Hem Pollen allergy in children – runny nose and watery eyes

Pollen allergy in children – runny nose and watery eyes

This post is also available in: Svenska

Pollen allergy in children causes watery, itchy, red eyes, runny nose, sneezing and sometimes triggers asthma. The symptoms occur during the pollen season, which is spring and summer.

Pollen season

The pollen season begins with the spring when the weather begins to get warmer. The trees begin to bloom and releases pollen into the air. In Sweden, often alder trees and hazelnut trees bloom first in February. From March, the birch trees begin to pollinate. In April, willow and elm will arrive, while oak will not bloom until May.

By midsummer, the tree pollen season is over. In May however, the grass pollen season lasts until September.

Mugwort pollen also appear during the summer, from July to September. But that applies to central Sweden. Mugwort pollen appear later in northern Sweden and earlier in southern Sweden.

Symptoms of pollen allergy

Pollen allergy is due to an allergic reaction, an inflammation, where airborne pollen contacts the mucous membranes. Therefore, the symptoms generally occur in the eyes and in the respiratory tract.

Read more about allergies

Allergic conjunctivitis – eye inflammation

The allergic conjunctivitis is an eye inflammation triggered by an allergen e.g. pollen and causes itchy, runny, sometimes red eyes. The symptoms always affect both eyes.

Swollen, red, itchy eyes due to pollen allergy

If the child has only one eye swollen, it is not allergic conjunctivitis. It could be caused by other things. It can be a mosquito bite (which requires no medical care) or sinusitis. But if the child has a clearly unilaterally swollen eye and you do not know about any bite or the causation – seek medical attention.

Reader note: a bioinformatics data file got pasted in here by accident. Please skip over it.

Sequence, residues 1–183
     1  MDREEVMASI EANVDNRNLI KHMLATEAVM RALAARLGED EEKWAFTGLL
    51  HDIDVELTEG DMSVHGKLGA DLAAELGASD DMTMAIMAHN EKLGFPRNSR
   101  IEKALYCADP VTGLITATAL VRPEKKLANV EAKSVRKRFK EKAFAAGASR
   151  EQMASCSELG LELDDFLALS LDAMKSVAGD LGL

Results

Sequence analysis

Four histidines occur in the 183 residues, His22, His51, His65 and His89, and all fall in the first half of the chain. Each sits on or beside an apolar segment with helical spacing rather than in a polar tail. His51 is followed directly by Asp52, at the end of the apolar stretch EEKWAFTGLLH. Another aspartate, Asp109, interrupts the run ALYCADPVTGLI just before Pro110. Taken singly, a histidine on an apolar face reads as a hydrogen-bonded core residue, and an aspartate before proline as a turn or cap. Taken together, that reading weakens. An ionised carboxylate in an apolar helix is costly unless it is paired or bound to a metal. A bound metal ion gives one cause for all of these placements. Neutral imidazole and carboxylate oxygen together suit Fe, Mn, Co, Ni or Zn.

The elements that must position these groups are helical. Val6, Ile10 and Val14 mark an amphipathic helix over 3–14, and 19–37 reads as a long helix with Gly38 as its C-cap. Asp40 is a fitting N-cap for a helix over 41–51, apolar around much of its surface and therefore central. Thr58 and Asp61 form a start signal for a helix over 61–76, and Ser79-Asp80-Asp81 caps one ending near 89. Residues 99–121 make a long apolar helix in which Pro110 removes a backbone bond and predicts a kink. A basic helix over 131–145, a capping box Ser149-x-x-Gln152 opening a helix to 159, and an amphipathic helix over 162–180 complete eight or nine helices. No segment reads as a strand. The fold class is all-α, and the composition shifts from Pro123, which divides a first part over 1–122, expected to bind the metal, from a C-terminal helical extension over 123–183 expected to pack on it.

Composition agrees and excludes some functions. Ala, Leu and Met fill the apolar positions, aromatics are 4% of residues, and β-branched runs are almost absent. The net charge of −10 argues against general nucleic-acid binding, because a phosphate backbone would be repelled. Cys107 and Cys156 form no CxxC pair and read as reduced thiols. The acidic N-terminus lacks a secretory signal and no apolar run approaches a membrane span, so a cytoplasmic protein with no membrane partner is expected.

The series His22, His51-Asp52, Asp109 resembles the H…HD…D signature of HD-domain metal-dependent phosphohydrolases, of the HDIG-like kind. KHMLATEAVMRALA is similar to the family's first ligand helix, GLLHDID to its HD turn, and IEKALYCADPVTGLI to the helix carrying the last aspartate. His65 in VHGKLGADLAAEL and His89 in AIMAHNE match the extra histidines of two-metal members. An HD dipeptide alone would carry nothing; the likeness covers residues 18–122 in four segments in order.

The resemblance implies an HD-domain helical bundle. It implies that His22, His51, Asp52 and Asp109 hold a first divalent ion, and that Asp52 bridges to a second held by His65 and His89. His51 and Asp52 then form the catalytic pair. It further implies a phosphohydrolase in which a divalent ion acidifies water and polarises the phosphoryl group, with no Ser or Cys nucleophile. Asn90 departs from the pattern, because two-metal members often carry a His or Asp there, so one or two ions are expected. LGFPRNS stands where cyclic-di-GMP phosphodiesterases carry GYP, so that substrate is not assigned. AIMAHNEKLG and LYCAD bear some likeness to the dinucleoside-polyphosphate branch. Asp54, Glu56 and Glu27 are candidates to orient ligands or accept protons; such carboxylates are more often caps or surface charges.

If both eyes are severely swollen without itching, and without other symptoms of pollen allergy – seek medical attention and have your child’s urine sampled. In rare cases, it can be caused by a general swelling throughout the body due to a kidney disease known as nephritis.

Rhinitis or allergic rhinitis

Clear mucus, runny nose and repeated sneezing are other common symptoms of pollen allergy.

You can differentiate between a runny nose due to a cold and allergy because allergic symptoms appear more when you’re outside. Also, there are no signs of a sore throat nor fever. If you have a sore throat and fever, you are more likely to have a cold.

Read more about sore throats and colds in children

Cough and asthma due to pollen allergy

Asthma can be triggered by pollen allergy. It is uncommon in children under 6-7 years of age. However in school children, pollen allergies are a common cause of asthma.

The symptoms of asthma are shortness of breath and coughing. Children who become short of breath during exertion, or cough more than usual during the pollen season, should be examined for asthma. Seek your medical center for advice.

Read more about coughs in children

Allergy tests for pollen allergy

If you have a mild pollen allergy with symptoms in the eyes and nose during the pollen season, allergy tests are not necessary. You can trial medicines for allergies (anti-histamines). If they work, you do not need to do anything further.